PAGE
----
Leading article: Sri Lanka's destructive feud

Share
Related Topics

An acrimonious election campaign and a disputed result provides an ominous start for what was meant to be a new era for Sri Lanka, after more than a quarter century of civil war. A country of rich potential had – indeed it still has – the opportunity to make a new beginning, following the conclusive defeat of the Tamil Tiger separatists in 2009. But the vote has underlined the deep and persisting divisions between the minority Tamils and the Sinhalese majority.

There is scant likelihood that the ostensibly clear cut victory of incumbent president Mahinda Rajapaksa will be overturned by the courts as his opponent, the retired general Sarath Fonseka, is demanding. But a huge responsibility now rests upon both men to drop their destructive feud. The loser must accept the outcome, despite evidence of irregularities. And Mr Rajapaksa must fulfil his post-election promise to be the president of all Sri Lankans, Tamils and Muslims included, and not merely of the Sinhalese community which gave him victory.

In the months since the triumph that broke the rebel Tamil Tigers' control of Tamil politics, there have been growing complaints about the president's autocratic style of government, and of nepotism and corruption within its ranks. Such were Tamil anxieties that the Tamil National Alliance, a moderate grouping that had urged a negotiated end to the civil war, actually supported General Fonseka, the man who had led the military campaign in Tamil north and eastern Sir Lanka and a Sinhalese himself, as the one hope of holding Mr Rajapaksa in check.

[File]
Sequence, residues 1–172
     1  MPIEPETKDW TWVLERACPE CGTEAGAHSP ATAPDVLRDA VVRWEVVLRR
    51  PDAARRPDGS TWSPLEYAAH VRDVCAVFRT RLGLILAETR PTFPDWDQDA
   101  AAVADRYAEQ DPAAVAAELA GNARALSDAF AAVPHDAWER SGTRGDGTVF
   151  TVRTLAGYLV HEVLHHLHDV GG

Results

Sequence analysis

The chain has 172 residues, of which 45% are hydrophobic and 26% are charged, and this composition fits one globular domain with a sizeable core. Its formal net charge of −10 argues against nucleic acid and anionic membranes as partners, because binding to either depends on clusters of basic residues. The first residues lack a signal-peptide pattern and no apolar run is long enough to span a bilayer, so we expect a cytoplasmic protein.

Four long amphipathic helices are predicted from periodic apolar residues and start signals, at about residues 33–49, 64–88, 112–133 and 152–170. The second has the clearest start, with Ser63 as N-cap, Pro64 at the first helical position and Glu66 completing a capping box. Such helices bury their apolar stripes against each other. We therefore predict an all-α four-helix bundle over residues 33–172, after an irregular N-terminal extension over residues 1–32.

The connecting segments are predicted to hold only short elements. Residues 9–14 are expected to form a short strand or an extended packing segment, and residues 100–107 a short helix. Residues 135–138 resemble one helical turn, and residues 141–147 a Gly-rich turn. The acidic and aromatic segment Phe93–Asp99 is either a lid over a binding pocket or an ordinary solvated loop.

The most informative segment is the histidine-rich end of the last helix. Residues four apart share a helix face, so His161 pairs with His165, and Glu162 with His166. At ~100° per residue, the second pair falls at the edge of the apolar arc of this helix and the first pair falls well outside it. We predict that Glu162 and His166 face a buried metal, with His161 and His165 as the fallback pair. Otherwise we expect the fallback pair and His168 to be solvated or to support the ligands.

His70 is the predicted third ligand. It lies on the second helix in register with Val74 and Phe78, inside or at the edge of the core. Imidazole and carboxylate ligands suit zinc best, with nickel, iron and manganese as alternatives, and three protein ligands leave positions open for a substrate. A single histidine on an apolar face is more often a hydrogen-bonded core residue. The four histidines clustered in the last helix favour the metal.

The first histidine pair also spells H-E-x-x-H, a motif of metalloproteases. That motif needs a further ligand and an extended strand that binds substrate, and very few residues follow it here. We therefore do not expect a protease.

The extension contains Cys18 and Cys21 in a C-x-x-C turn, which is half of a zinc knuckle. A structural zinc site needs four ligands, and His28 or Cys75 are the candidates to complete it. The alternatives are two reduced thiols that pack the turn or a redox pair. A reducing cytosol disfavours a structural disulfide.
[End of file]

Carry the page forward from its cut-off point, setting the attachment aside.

That hope has come to nothing. Instead there was the disquieting spectacle of armed commandos surrounding the hotel where General Fonseka was staying during the count, ostensibly to protect him, but more pertinently a blunt reminder of where power in Sri Lanka ultimately lies.

The president must now make real moves towards a genuinely democratic and inclusive state. In that case, Sri Lanka may flourish as never before. The alternative is a resurgence of minority grievances against an overweening Sinhalese majority, that might lead to renewed Tamil militancy, perhaps even war.

React Now

Latest stories from i100
iJobs Job Widget
iJobs General

Tradewind Recruitment: English Teacher

Negotiable: Tradewind Recruitment: My client is an excellent, large partially ...

Tradewind Recruitment: Science Teacher

£90 - £140 per day: Tradewind Recruitment: I am currently working in partnersh...

Tradewind Recruitment: Year 3 Primary Teacher

£100 - £150 per day: Tradewind Recruitment: Year 3 Teacher Birmingham Jan 2015...

Ashdown Group: Lead Web Developer (ASP.NET, C#) - City of London

£45000 - £50000 per annum + Excellent benefits: Ashdown Group: Lead Web Develo...

Day In a Page

Read Next
Kylie has helped to boost viewing figures for the talent show  

When an Aussie calls you a ‘bastard’, you know you’ve arrived

Howard Jacobson
The number of schools converting to academies in the primary sector has now overtaken those in the secondary sector – 2,299 to 1,884 (Getty)  

In its headlong rush to make a profit, our education system is in danger of ignoring its main purpose

Janet Street-Porter
Isis hostage crisis: The prisoner swap has only one purpose for the militants - recognition its Islamic State exists and that foreign nations acknowledge its power